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Walnut High School | 400 Pierre Rd. Walnut, Calif. 91789

the hoofprint

Walnut High School | 400 Pierre Rd. Walnut, Calif. 91789

the hoofprint

Walnut High School | 400 Pierre Rd. Walnut, Calif. 91789

Lack of change in education slows students’ learning progress

Crisis in American education stems from a pandemic fallout, however, the failure of an educational reform worsens the educational loss.
Photo source: Letgrow

Back in 2020, the Burbank Unified School District in Los Angeles County decided to ban To Kill a Mockingbird and Of Mice and Men, — both of which are currently taught in the WHS freshman English curriculum — citing racist content that was inappropriate for students to study. 

Now, in 2024, the consequences of book banning movements are being followed by a dire educational crisis. 

Conservative politicians have made their utmost effort to ban reading materials that allude to themes of racism and sexuality and scorning “woke” educators, distorting how students learn and understand history and society. On the other side, liberal politicians have been quick to condemn conservatives for compromising the quality of students’ education and spurring culture wars as a political statement.

The American education system is entrenched in hyperpolarized culture wars that distract from a fundamental issue: students, from elementary to high school, are not receiving the education they deserve. Although education is regarded as the leading indicator for projecting a country’s future success, the U.S. has continually failed to make strides in meaningful educational reform – from only 32% of American elementary-aged children reaching proficient reading levels to subpar high school results in the PISA international standardized test. 

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To date, students have not been able to make up for the learning loss that came as a byproduct of prolonged school closures during the pandemic, with low-income districts bearing the brunt of the issue. 

In 2014, San Francisco’s school board spearheaded a policy that prohibited students from learning algebra in eighth grade, quoting that Asian and white students were being given an undue advantage in math. The consequences of the policy simply exacerbated education gaps for Black and Latino students against their white peers, with Black high school juniors performing at the math level of an average fifth grader.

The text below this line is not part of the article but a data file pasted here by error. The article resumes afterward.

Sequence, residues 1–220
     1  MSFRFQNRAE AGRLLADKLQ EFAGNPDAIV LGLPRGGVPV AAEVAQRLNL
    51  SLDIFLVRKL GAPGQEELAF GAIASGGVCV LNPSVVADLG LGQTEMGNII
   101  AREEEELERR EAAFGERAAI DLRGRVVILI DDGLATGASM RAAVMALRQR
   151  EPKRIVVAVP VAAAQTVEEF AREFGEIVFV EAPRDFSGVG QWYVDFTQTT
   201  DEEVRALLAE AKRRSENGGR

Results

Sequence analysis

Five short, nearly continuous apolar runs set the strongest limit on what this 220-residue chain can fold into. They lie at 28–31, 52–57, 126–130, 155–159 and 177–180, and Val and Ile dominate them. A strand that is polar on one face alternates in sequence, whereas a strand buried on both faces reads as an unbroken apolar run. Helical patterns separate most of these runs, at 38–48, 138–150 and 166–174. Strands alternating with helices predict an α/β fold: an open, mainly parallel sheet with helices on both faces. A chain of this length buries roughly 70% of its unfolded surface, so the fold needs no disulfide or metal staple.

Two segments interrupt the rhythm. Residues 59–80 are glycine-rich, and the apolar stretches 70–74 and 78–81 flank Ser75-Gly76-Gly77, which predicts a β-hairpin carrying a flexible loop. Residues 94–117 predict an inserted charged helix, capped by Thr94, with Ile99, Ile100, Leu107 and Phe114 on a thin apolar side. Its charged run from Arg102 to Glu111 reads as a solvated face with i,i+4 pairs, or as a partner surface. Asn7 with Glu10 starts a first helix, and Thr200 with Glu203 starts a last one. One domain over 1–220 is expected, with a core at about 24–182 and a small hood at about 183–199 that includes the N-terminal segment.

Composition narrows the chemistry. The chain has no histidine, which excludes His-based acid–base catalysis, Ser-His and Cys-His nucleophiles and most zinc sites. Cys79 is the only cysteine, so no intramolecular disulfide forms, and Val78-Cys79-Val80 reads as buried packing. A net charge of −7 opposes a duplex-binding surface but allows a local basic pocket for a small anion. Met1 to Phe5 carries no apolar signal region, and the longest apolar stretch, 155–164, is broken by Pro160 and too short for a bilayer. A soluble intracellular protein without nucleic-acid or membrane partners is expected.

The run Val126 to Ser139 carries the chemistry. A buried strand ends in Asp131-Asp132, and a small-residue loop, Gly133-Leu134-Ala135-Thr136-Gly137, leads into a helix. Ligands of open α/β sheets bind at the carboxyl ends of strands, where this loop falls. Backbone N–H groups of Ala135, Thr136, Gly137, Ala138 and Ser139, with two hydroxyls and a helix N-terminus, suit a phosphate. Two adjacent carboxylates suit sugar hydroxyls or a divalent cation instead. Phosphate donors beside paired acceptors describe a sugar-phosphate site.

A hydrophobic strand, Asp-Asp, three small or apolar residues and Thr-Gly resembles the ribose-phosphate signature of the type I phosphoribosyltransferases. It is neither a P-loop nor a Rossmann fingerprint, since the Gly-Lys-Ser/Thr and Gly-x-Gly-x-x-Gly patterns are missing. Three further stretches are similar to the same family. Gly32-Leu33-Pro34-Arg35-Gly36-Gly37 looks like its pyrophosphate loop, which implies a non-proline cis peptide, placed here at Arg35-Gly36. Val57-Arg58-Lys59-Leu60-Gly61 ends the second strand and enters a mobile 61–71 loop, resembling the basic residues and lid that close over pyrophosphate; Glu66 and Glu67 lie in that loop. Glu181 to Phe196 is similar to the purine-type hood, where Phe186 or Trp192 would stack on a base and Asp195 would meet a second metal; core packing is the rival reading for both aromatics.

Forwarding to 2021, San Francisco education officials focused their self-proclaimed “educational progress” on renaming schools that included the names of George Washington, Abraham Lincoln and other historical figures who were deemed as “tarnished.” The school board only halted their efforts after receiving mass public ridicule. 

It is not just blue, liberal leaning states that are performing the best based on standardized test scores — they also include red states such as Florida and Utah. Thus, bipartisan educational legislation must be prioritized, especially given that the endeavor began to flicker after the Obama administration. 

There have been proven actionable solutions that have been shown to be effective in democratizing educational progress. Just in Dec. 2023, California invested $53 million to train educators and purchase learning materials alongside designing a comprehensive and targeted curriculum that better served struggling students. In Texas, Dallas adopted an optional “opt out system” for students to choose to take eighth grade algebra, leading to tripled enrollment that highly benefited Black and Latino students. 

Educational reform, although sometimes difficult and challenging, can also be accessible and simple. Currently, far too many students are being educated in an environment that is only promoting failure, and it is paramount that education officials shift their concentration from purposeless contention to rebuilding student education. 

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About the Contributor
Kaelin David, Opinion editor
Hi! My name is Kaelin David and I am in the 12th grade, serving as the Opinion editor for The Hoofprint. In my free time, I love playing around with website design and reading literary magazines.
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